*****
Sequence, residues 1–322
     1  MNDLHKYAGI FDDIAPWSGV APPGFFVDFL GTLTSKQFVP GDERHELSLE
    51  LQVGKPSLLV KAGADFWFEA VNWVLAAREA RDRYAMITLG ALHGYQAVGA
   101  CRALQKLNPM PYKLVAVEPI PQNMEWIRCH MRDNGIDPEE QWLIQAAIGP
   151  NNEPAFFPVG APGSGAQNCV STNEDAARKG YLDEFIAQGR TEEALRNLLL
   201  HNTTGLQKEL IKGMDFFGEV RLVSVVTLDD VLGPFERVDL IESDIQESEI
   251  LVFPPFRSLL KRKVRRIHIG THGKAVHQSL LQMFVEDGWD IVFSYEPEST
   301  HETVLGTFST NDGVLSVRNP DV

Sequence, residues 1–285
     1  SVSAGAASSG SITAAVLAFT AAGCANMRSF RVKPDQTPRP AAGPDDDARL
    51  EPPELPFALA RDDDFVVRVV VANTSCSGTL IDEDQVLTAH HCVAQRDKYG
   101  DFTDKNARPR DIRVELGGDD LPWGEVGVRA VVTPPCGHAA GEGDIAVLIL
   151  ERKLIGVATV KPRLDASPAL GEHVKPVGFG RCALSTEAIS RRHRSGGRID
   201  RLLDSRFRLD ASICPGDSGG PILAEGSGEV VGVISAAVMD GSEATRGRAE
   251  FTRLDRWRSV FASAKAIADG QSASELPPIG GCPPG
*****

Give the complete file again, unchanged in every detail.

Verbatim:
Sequence, residues 1–322
     1  MNDLHKYAGI FDDIAPWSGV APPGFFVDFL GTLTSKQFVP GDERHELSLE
    51  LQVGKPSLLV KAGADFWFEA VNWVLAAREA RDRYAMITLG ALHGYQAVGA
   101  CRALQKLNPM PYKLVAVEPI PQNMEWIRCH MRDNGIDPEE QWLIQAAIGP
   151  NNEPAFFPVG APGSGAQNCV STNEDAARKG YLDEFIAQGR TEEALRNLLL
   201  HNTTGLQKEL IKGMDFFGEV RLVSVVTLDD VLGPFERVDL IESDIQESEI
   251  LVFPPFRSLL KRKVRRIHIG THGKAVHQSL LQMFVEDGWD IVFSYEPEST
   301  HETVLGTFST NDGVLSVRNP DV

Sequence, residues 1–285
     1  SVSAGAASSG SITAAVLAFT AAGCANMRSF RVKPDQTPRP AAGPDDDARL
    51  EPPELPFALA RDDDFVVRVV VANTSCSGTL IDEDQVLTAH HCVAQRDKYG
   101  DFTDKNARPR DIRVELGGDD LPWGEVGVRA VVTPPCGHAA GEGDIAVLIL
   151  ERKLIGVATV KPRLDASPAL GEHVKPVGFG RCALSTEAIS RRHRSGGRID
   201  RLLDSRFRLD ASICPGDSGG PILAEGSGEV VGVISAAVMD GSEATRGRAE
   251  FTRLDRWRSV FASAKAIADG QSASELPPIG GCPPG